The Humane Society of the United States says it is deeply disturbed by a Colorado sanctuary's decision to euthanize all 11 of its animals.
The owners of Lion's Gate Sanctuary in Agate, Colorado, put down six tigers and lions and five bears last month after failing to get county approval to move their facility.
They said chronic flooding on their property put the animals at risk and left them no other option. But CBS News' Mireya Villarreal reports another Colorado sanctuary, the Wild Animal Sanctuary, offered to take in Lion's Gate's animals -- but the owners never reached out for help.
"I've been in this business 37 years and don't know of anybody that just quietly euthanized their animals without trying to find homes first," said Pat Craig, owner of Wild Animal Sanctuary. He called the mass euthanasia at Lion's Gate horrific.
Craig's 720-acre facility is less than two hours away from Lion's Gate, and offers refuge to hundreds of animals, including those that are old and frail.
"The option was so blatantly right there in their backyard, to have somebody like us take them. I think that's probably what confuses most people," Craig said.
Instead, Lion's Gate humanely euthanized all of its animals on April 20, eight days after county officials rejected its request to move the sanctuary to a less flood-prone area.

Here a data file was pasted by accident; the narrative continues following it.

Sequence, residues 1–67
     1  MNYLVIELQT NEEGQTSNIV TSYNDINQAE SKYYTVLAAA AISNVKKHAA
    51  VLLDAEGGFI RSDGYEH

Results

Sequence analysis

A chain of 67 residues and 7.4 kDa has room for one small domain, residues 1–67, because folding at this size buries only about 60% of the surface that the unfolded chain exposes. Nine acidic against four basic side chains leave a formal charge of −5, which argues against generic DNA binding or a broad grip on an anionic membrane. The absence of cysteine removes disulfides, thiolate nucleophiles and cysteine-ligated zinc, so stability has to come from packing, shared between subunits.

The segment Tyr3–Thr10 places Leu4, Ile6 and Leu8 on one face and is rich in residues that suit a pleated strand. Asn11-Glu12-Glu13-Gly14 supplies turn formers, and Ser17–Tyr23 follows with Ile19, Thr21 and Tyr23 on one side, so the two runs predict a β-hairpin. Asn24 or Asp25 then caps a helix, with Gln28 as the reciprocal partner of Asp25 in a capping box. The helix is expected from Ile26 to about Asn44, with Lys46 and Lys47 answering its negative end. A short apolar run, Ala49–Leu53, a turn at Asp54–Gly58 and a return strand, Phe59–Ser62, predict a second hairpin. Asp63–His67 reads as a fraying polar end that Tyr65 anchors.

"We decided that mother nature wins and we're not going to argue with her anymore. It makes more sense to move to a better location," Lion's Gate owner Joan Laub said in a hearing about its request to move.
But people who live near the area of the new location complained. "You're relocating large predators into a high density or medium density area," one neighbor said. Another worried about the safety of her children.
"The commissioners made a decision based upon emotion, and not the law," the Lion's Gate owners wrote in a statement. "As a result, 11 innocent animals paid the price."
"We don't buy that thinking. This is not an acceptable outcome," said Humane Society president Wayne Pacelle. He believes animals at private sanctuaries often fall into a sort of regulatory limbo.
"These animals are not protected by the state, they're not protected by the federal government, and they depend on private charities to do the right thing."
The Elbert County commissioners denied the relocation for safety reasons. They said they were shocked by the deaths, saying the sanctuary had assured them it would continue to operate.
In a statement to CBS News, Lion's Gate's owners said they were "devastated" by the deaths of their animals.
"Our animals could not be placed into a new facility because they were too old and many had disabilities and special needs ... [they] were used to solitude and only having two people around for a period of 10 years," the statement reads.
They said that because their animals were elderly and not used to new people, they would not be able to adjust to a new facility. The statement concludes that such a situation "would have caused the animals to become depressed, withdrawn and stressed. In most cases the stress would have killed them."